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Archive for April, 2012

Roundabouts, swings and general dizziness…

As a child I enjoyed going on a swing for hours but as an adult the swing has been a rather sicky, dizzying experience. I have been going to playgrounds with my children (11, 7 and 4) for quite a few years now and each time I have tried the swing but no go – the forward arc is when my stomach feels like it has been left behind. I put it down to age and thought it would always be this way…

Today my middle child, Esmée, wanted me to go on the swing next to her and I thought I’d see if anything could make a difference to my stomach, so…I tried to look behind me while swinging to start with and that helped and then I tried looking at my hand as I swung and that definitely helped as well. I consciously relaxed and looked forward and to my surprise the lurching, dizzy feeling had gone! I then swung on for another 5 minutes or so and was still fine! I thought maybe this was a temporary reprieve due to the looking behind me, etc. – but after 30 minutes I had another go and still felt good.

Be interesting to see what happens the next time…

A little science as to why most adults don’t enjoy roundabouts, swings and general dizziness… Structures called otoliths in the vestibular labyrinth  in the inner ear eventually degrade a bit as we get older. Otoliths help us know which direction is up and also to have a sense of acceleration. We can start to feel sick when they’re not working very well. Generally children can take a lot more dizziness because their otoliths work better.

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pose of the week – sphinx

sphinx

pose of the week… locust – salabhasana

locust - salabhasana

BENEFITS: Can tone the legs and abdominals. Strengthens the back muscles. May be beneficial for sciatica. Some people with slipped discs can also find this posture helpful (but do check with a yoga teacher or GP before trying)

CONTRAINDICATIONS: Obviously pregnancy puts some restraints on practicing this posture! Most mother’s to be will find up until 12 weeks comfortable to do – but listen to your body – as we are all unique and different. Only practice if it feels comfortable and good to do…

PRACTICE: Lie prone with your arms resting at the sides of your body – palms facing up, eyes looking towards the ground. (You can shut them if you want to…)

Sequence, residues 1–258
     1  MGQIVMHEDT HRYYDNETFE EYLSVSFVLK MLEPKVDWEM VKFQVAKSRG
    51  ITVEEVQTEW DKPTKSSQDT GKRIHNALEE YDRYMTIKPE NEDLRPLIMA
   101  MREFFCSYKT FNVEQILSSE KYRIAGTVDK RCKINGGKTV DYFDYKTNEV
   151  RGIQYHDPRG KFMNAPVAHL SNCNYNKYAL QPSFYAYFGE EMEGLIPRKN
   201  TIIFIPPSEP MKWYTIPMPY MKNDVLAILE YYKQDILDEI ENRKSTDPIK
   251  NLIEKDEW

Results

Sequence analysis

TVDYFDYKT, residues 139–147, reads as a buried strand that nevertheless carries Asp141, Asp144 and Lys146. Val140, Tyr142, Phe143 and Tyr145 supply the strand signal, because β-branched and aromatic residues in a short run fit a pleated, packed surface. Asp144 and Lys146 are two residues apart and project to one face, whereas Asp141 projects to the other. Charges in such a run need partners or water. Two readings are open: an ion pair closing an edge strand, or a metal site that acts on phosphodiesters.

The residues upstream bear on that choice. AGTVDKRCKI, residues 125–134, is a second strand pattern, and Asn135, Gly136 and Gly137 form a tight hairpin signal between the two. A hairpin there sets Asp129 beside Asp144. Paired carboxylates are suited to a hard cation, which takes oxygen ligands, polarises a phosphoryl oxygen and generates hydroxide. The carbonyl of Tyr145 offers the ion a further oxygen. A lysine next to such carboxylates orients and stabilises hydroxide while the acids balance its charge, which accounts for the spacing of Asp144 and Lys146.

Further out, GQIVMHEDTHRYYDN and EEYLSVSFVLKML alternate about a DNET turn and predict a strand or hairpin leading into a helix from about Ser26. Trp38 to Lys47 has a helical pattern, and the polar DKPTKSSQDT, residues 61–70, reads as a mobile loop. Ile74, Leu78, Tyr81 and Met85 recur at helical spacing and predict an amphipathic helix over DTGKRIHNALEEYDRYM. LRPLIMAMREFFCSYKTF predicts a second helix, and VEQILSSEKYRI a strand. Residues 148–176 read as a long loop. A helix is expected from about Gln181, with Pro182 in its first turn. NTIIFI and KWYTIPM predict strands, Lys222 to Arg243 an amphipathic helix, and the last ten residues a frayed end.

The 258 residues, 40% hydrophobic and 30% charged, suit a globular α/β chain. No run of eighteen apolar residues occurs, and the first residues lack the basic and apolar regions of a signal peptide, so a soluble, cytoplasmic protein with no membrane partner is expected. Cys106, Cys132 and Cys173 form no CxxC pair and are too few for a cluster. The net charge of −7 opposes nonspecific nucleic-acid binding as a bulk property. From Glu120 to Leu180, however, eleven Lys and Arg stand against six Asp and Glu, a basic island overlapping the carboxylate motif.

If it feels uncomfortable on your nose, roll up the front of your mat and place it underneath your forehead.

When you lie on your front, the back of the neck often lengthens quite quickly. If this is happens to you, lift the forehead, and place it a little further away from yourself.

Relax completely and breathe…

Take a journey around your body and see if there is anything still holding. If there is then imagine you are breathing into it. Visualise the area softening and releasing.

Breathe freely and easily…

Notice your spine moving as you breathe…

When you are ready, engage the thigh muscles the next time you breathe out. Allow the legs to become heavier and lengthen the tailbone away.

As the tailbone lengthens away, you may feel a gentle ripple travel up your spine…An undulation, which when reaching the upper vertebrae brings some lightness there. The shoulders and head may come off the ground…

But just a little bit – be aware of keeping space at the back of the neck – so that your gaze is still towards the mat.

As you breathe in, relax and give into the ground again.

Keep playing with going up on the exhalation and resting and preparing on the inhalation.

Rest when you have had enough and enjoy giving into the ground once again for a few moments.

Child’s pose is a good counter pose to do after locust…

* I have shown the upper body raise for now as I feel it is easier to obtain a feeling of relaxation and spine lengthening than when you also raise the legs…